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Sociology of coalition politics in India

By Shamsher Alam

As we are heading towards the general election in 2019, the political parties have been trying to make an alliance to dethrone the present BJP-led regime at the center. This can be substantiated by the fact that various political leaders ranging from Mamata Banerjee to Mayawati to Akhilesh to Sonia were present in Karnataka during HD Kumaraswamy’s oath-taking ceremony. In a more recent statement on his European tour, the Congress president, Rahul Gandhi, said that if the Congress, BSP, and SP form an alliance and if there is an alliance in Bihar, then the BJP is not going to win the next general election. Such gatherings and statements give a sign of political alliance between the opposition parties to defeat the BJP and its alliance at the center.

However, we may ask some questions through the sociological lens in the context of coalition politics: 1) Could coalition politics substantiate and strengthen social harmony or is it just about throwing out another set of political parties? 2) Could coalition politics eradicate the existing social rivalries between various social, cultural, and religious groups? 3) Is coalition only about arithmetic or does it have some chemistry in its approach? If these questions can be answered by alliance politics, then such a politics can become the harbinger of social harmony and social justice, defeating communal and divisive forces.

To reflect on the question of social harmony, it can be said that there are two kinds of social harmonies: first, the harmony between the religious groups; second, the intra-religious harmony, the harmony among the castes, particularly the Hindu castes. To elucidate the first, it can be argued that religious harmony between the Hindus and Muslims is an inevitable factor not only for the maintenance of the peace and tranquility but also for the progress and development of the society. However, the prevailing situation in the country represents another picture. The regular attacks on Muslims in the name of cow protection by the cow vigilantes show a completely different form of social disharmony. The attacks on Mohammad Akhlaq, Pehlu Khan, and Rakbar Khan raise serious concerns about social harmony, acceptance, and tolerance. The chanting of ‘Bharat Mata Ki Jai’ has become a proof of patriotism and nationalistic feeling. Muslims are being forced to chant the same. The suspicion towards Muslims’ patriotism creates an atmosphere of intense distrust. To compound matters, the state machinery often dilutes the cases of such atrocities against Muslims. In a recent example in UP, the police changed the murder of a Muslims man in the name of cow into an incident of mere road rage. An investigation carried out by NDTV exposed the role of the state agency and forced it to reinvestigate the same incident.

It can be argued that if coalition politics is able to prevent such heinous crimes and hate politics, able to strengthen and restore communal harmony in society, able to eradicate the existing social rivalries between various socio-religious groups, such coalition can contribute to a just and harmonious society.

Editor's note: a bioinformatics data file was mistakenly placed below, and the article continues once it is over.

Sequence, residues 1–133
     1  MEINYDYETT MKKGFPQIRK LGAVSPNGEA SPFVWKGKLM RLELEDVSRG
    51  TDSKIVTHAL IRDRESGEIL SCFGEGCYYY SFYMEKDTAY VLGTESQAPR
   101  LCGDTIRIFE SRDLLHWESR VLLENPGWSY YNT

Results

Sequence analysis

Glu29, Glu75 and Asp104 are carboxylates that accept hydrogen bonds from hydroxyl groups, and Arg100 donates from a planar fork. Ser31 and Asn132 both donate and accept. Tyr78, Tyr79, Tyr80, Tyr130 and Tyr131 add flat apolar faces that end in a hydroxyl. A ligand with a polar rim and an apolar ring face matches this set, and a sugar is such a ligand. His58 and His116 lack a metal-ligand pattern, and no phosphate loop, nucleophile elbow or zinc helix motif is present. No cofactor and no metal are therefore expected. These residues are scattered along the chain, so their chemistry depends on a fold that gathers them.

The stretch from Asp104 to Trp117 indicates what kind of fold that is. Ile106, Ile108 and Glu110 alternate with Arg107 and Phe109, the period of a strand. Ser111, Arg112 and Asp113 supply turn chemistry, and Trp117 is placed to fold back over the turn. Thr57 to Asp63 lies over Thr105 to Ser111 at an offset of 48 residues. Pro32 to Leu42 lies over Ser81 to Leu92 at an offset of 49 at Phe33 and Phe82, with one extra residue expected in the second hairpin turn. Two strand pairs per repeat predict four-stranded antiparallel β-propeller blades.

The second aspect of social disharmony is in the form of caste violence. In Indian politics and democracy, caste and religion often become deciding factors in winning elections. Despite the important role that caste plays in shoring up the fortunes of political parties, Dalits are attacked on a regular basis. From the attack on Dalits in Una to the recent example of Kasganj in UP, where a Dalit boy fought to pass his marriage procession through an upper caste village while sitting on a mare, the upper-caste dominance asserts itself as a feudal vestige. There have been numerous examples of Dalits being denied entry into a temple even today.

Recently, Akhilesh Yadav announced that he will build a grand city in the name of Lord Vishnu and a spectacular temple after Cambodia’s sprawling Angkor Wat, if his party were to come to power. Is Yadav attempting to capture the Hindu vote or counter the Ram Temple? However, he misses the opportunity to understand the sociology of temple-going, where Dalits are denied entry. Would he ensure Dalits’ entry into the temple and their role as officiating priests? Instead of announcing the construction of a new temple, he should have focused on the modalities of providing employment and jobs, if he comes to power. At this juncture, it is worth asking if the proposed coalition between the SP, BSP, and other political parties would be able to stop such caste-based violence upon the Dalits. Would the alliance be able to ensure social harmony between unequal social groups in terms of vertical differentiation? Would the alliance be able to ensure the entry of Dalits into the temple? If these questions could be answered by the proposed coalition, such a politics will be successful in restoring communal and social harmony in the society. Otherwise it is just a tactic to capture power.

To sum up, if the coalition is only for capturing power without ensuring the safety, security, development, and rights of vulnerable sections of the society, then it is unjust and only an arithmetical approach to achieve power. Further, if such a coalition is unable to uphold democratic values, it will fail to achieve its goal of becoming an alternative to communal and hate politics. In the absence of these values, a coalition is just a number game or arithmetic, an anxious attempt to win power by those people who are out of power.

Shamsher Alam, Ph.D. Scholar, Center for the Study of Social Systems, Jawaharlal Nehru University, New Delhi.


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